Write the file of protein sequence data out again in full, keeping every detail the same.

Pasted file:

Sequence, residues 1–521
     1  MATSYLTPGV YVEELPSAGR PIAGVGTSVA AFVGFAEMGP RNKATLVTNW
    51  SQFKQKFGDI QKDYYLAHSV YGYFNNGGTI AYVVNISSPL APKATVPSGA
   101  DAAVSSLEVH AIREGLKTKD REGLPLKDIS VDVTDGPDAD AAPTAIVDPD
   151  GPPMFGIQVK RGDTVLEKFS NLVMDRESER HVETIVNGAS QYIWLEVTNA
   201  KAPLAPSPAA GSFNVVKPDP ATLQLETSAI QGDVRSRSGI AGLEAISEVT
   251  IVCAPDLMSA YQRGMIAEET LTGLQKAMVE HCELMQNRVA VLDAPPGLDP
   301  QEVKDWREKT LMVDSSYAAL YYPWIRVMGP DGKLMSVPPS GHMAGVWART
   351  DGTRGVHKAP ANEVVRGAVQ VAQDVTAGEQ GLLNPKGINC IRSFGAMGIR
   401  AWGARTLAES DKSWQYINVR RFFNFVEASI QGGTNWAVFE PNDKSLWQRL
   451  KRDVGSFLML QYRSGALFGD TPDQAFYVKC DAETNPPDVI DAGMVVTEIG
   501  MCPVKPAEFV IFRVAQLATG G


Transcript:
Sequence, residues 1–521
     1  MATSYLTPGV YVEELPSAGR PIAGVGTSVA AFVGFAEMGP RNKATLVTNW
    51  SQFKQKFGDI QKDYYLAHSV YGYFNNGGTI AYVVNISSPL APKATVPSGA
   101  DAAVSSLEVH AIREGLKTKD REGLPLKDIS VDVTDGPDAD AAPTAIVDPD
   151  GPPMFGIQVK RGDTVLEKFS NLVMDRESER HVETIVNGAS QYIWLEVTNA
   201  KAPLAPSPAA GSFNVVKPDP ATLQLETSAI QGDVRSRSGI AGLEAISEVT
   251  IVCAPDLMSA YQRGMIAEET LTGLQKAMVE HCELMQNRVA VLDAPPGLDP
   301  QEVKDWREKT LMVDSSYAAL YYPWIRVMGP DGKLMSVPPS GHMAGVWART
   351  DGTRGVHKAP ANEVVRGAVQ VAQDVTAGEQ GLLNPKGINC IRSFGAMGIR
   401  AWGARTLAES DKSWQYINVR RFFNFVEASI QGGTNWAVFE PNDKSLWQRL
   451  KRDVGSFLML QYRSGALFGD TPDQAFYVKC DAETNPPDVI DAGMVVTEIG
   501  MCPVKPAEFV IFRVAQLATG G